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LeBron might have subtweeted Kyrie Irving

The king of subtweets might be back at it again.

NBA: Preseason-Cleveland Cavaliers at Atlanta Hawks Brett Davis-USA TODAY Sports

As someone who likes to have fun online, I can’t help but respect how strong the subtweet game is for LeBron James. It’s possible that all of his tweets aren’t necessarily about someone on his team. But it’s hard to ignore the correlation and apparent relevance to a situation every time he does choose to tweet.

His latest tweet is an edited version of the lyrics from “Portland” by Drake off the album More Life. Unless LeBron is one of the few people on the planet still listening to More Life, the timing of the tweet is just a little bit suspicious:

Could this just be lyrics of what he was listening to? Absolutely. Could this be LeBron upset that Kyrie Irving wants out and implying that he’s just been riding his wave? You bet.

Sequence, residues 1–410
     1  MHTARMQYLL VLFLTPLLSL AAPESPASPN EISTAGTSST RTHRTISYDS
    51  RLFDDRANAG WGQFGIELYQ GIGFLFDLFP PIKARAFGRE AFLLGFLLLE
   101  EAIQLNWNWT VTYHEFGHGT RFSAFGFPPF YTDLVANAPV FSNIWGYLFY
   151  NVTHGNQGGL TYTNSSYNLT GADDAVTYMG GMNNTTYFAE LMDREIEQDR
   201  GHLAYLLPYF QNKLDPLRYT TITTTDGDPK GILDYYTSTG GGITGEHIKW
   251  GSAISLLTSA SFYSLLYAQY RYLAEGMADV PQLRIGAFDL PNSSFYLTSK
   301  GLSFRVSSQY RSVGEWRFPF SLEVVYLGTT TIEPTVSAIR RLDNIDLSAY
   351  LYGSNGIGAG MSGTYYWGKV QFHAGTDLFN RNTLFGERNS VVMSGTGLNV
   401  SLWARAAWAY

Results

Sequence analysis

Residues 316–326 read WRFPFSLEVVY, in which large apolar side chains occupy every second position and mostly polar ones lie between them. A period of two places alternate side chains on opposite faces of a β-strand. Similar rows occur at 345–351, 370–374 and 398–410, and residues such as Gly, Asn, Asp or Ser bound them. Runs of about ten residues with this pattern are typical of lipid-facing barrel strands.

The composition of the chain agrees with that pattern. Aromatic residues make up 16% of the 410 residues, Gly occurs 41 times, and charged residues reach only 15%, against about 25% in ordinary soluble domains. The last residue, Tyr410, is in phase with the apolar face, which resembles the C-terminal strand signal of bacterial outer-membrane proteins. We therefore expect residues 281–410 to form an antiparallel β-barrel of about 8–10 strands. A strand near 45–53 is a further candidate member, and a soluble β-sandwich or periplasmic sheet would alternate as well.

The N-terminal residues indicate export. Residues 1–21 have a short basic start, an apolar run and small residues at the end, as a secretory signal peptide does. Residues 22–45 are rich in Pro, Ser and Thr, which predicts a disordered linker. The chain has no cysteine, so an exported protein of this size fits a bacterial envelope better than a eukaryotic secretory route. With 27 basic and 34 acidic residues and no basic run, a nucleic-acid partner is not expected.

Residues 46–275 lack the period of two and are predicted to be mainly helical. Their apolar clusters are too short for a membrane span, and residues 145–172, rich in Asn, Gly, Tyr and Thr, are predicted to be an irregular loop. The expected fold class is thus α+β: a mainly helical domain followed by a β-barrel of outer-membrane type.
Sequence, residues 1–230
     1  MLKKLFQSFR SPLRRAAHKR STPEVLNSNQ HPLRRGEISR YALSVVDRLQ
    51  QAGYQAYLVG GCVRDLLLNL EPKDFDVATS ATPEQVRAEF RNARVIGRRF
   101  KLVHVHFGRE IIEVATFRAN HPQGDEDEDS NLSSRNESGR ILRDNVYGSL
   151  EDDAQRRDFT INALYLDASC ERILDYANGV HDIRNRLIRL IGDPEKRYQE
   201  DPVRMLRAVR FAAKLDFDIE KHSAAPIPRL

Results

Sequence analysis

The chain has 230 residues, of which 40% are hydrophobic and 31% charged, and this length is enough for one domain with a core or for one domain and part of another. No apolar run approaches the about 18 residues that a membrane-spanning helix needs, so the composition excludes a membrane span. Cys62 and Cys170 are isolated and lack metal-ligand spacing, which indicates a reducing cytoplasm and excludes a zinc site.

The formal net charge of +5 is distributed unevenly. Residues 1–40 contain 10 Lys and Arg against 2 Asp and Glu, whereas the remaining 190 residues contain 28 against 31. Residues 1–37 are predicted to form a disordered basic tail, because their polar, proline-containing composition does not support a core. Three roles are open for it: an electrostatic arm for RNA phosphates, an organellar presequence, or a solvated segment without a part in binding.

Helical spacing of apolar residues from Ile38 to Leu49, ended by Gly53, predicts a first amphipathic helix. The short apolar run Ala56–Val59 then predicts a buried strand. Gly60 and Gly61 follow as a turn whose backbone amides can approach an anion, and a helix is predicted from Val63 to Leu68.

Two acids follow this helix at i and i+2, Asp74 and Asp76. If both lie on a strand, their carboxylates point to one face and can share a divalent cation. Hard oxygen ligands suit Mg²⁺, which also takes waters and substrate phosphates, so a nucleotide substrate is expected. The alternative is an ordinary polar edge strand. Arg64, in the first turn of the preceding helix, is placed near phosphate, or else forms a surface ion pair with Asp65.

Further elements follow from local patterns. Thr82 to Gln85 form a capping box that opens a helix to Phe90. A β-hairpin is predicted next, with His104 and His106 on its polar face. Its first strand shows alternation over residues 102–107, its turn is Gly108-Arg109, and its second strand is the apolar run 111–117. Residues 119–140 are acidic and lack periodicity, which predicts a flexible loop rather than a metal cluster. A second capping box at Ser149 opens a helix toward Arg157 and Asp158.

If this is about Irving, it’s hard not to understand where LeBron is coming from. He has helped Irving grow and mature as a player over the last few years and has spent a lot of time hyping him up and saying that he’s a future MVP caliber player. Maybe that wasn’t enough when combined with the media criticism and front office dysfunction, but it’s not like he had been consistently pushing Irving out of the door.

It’s possible to understand both where James and Irving are coming from in this situation without painting somebody as a bad guy. As former Cavs GM David Griffin pointed out, Irving’s desire is understandable and he went about things the right way.

While James casts a large shadow and brings some negative aspects to a team situation, it’s largely just a result of his historic level of talent and hunger for greatness.

It’s unfortunate that the situation has fallen apart like this, especially as this will mark the end of what is likely the greatest era in Cleveland Cavaliers history. But as I said, nobody needs to be painted as a villain here.

Although the interview with Griffin yesterday on “The Jump” once again illustrated how well he understood the thinking of the players and how to manage the personalities. Maybe he should have been kept around a little longer.